Bryan Wade I'm not sure what point you are trying to make against "Eat less, move more". Unless you are already exercising to the point of injuring yourself, exercising more will pretty much always make you a healthier person, and probably lose weight as well (although increased muscle mass might increase wieght, but unless your working out as much as a body builder, you probably don't have to worry). People often don't like to hear this, but one of the best solutions to becoming healthier (i.e. physically fit) really is just to take up a varsity sport and work out for 2-3 hours a day, every day.
Bryan Wade (char limit) To continue this hyperbole even more. Basically what I am saying is that even if 100 nuclear power plants melted down every single year, in gigantic Chernobyl style disasters, nuclear power still wouldn't even be half as dangerous as coal, in terms of total deaths.
Bryan Wade Fukushima (and Chernobyl!) proved that nuclear is safe, not dangerous. Even if every single publicized nuclear incident was as bad as Chernobyl, nuclear would still be safer than most of the alternatives. This is because a Chernobyl Disaster causes about 4,000 cancer deaths over 20 years, where as when a dam breaks, it levels the cities downstream, and causes 100,000 deaths (see Banqiao dam incident), and hydro is a SAFE energy source. 30,000 people in the US and 500,000 people in China die every year due to coal pollution, but nobody talks about them. http://nextbigfuture.com/2011/03/deaths-per-twh-by-energy-source.html This stat is according to the WHO. Moral of the story is that air pollution sucks and so does coal.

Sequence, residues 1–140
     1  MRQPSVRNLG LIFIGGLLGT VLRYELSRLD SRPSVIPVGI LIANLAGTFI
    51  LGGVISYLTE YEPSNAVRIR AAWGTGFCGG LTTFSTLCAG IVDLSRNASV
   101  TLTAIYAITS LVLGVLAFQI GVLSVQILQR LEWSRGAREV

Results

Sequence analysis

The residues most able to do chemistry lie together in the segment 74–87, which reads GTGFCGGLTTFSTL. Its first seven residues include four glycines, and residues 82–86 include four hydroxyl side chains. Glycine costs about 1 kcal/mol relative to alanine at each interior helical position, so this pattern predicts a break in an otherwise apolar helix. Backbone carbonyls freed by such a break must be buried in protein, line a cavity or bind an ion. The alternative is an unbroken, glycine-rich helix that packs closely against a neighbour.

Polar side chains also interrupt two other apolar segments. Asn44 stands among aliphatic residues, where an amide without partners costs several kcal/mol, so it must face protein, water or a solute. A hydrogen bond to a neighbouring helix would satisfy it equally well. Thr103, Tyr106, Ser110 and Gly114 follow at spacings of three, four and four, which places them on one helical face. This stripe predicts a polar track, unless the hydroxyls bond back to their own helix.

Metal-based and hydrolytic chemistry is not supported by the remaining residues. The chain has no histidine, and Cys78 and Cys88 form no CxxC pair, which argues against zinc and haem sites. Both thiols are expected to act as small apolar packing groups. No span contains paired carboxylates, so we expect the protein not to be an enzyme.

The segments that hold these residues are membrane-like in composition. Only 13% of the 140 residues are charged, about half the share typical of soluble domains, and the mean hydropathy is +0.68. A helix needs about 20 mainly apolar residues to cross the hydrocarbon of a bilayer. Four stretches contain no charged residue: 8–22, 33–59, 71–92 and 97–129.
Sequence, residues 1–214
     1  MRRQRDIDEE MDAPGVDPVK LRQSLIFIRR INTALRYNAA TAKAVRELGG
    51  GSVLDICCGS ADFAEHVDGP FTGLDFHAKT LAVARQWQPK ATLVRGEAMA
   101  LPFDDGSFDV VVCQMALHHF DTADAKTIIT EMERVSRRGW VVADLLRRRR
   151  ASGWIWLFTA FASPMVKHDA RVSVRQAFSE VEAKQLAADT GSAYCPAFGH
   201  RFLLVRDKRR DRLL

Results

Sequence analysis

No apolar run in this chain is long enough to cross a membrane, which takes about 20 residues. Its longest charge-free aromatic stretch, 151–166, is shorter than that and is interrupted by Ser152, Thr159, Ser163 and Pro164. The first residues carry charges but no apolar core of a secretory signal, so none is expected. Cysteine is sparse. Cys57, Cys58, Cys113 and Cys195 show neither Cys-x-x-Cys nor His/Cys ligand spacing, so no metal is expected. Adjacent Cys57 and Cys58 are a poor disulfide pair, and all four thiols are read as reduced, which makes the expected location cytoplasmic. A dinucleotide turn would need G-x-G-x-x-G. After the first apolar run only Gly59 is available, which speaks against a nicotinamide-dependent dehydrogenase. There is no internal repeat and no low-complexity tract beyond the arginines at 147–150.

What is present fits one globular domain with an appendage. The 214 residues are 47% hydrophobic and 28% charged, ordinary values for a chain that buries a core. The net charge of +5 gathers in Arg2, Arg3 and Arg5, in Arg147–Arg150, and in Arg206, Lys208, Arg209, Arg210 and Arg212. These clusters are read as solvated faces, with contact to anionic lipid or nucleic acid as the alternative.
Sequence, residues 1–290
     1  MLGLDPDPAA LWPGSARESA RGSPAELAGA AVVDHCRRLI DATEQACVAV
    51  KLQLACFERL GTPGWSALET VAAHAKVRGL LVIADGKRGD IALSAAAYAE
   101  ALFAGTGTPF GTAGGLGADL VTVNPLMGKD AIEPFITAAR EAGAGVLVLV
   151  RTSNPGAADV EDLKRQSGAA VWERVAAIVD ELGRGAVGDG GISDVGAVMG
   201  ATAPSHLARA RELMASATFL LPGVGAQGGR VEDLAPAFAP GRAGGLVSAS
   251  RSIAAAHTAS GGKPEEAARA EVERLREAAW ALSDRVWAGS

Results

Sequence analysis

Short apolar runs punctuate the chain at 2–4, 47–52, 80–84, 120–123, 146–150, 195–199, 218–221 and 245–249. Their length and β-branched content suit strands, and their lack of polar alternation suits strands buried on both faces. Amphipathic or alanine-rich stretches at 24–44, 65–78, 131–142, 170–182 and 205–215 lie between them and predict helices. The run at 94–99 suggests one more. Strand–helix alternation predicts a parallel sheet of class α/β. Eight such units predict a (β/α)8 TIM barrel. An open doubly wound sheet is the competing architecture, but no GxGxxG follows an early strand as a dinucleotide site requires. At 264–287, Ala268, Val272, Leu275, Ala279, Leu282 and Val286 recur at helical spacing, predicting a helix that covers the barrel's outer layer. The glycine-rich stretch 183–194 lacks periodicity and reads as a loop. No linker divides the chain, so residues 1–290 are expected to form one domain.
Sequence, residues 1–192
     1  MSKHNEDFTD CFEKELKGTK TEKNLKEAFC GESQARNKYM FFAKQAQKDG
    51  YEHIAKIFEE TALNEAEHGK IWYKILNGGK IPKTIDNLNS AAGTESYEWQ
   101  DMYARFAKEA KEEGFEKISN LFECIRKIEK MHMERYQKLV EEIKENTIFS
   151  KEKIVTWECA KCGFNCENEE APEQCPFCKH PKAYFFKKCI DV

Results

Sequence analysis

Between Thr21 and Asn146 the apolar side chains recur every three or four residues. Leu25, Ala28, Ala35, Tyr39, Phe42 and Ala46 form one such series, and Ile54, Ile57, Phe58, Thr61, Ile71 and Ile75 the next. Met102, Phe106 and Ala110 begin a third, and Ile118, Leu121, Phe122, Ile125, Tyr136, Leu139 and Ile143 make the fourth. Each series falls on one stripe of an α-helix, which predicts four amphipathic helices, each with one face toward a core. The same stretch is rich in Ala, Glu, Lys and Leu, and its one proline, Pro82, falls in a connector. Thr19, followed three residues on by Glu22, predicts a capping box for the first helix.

Bryan Wade Oh really? What about all the hippies who are deathly afraid of Genetically Modified food, even though the scientific consensus is that it is completely safe? What about the whole organic fad, even though the scientific consensus is that there is no difference between organic and inorganic food? http://en.wikipedia.org/wiki/Organic_food#Nutritional_value_and_taste What about the people who think that nuclear energy is some sort of super dangerous technology, when on an energy produced per death ratio, it is by FAR the safest? What about the people who think that global warming is going to produced an apocalypse style disaster, even though the consensus is that the effects will be much more modest and over hundreds of years?
Bryan Wade Ok then, so the kimel curve has nothing to do with the laffer curve. The laffer curve is a graph of tax rates vs tax revenue not vs gdp growth. The main point of the laffer curve is to show that every additional 1% increase in tax rates will produce less revenue than the last and that the marginal returns and is negative past an indeterminate point on the graph. Its just about diminishing marginal returns from tax rates. Here I thought you were arguing that the laffer curve is bunk, but if you agree that tax rates have diminishing marginal returns, and that a 1% increase in taxes produces less than a 1% increase in revenue, then you agree with the central point of the laffer curve.
Bryan Wade Perhaps these FBI investigations were a waste of resources, but I have yet to see any evidence that they were illegal. Nobody's emails were stole, no phones were tapped, and no one broke into anything. A couple people just entered a public area. Is it illegal to enter a mosque for "the wrong reasons"? How are anyone's rights being violated? How is your freedom of speech being limited? What is preventing people from practicing their religion?
Bryan Wade People respond to incentives. The laffer curve is just something that can be deductively proven from this assumption. IE, when you tax them more, they have a larger incentive to evade taxes and less of incentive to work for money. Do you believe that people respond to incentives? Data is unimportant if you don't have a solid theory of what is happening. What is your theory as to what is happening that would cause tax revenues to increase by more than 1% after a tax increase of 1%? Is the income effect so large that it counteracts the substitution effect?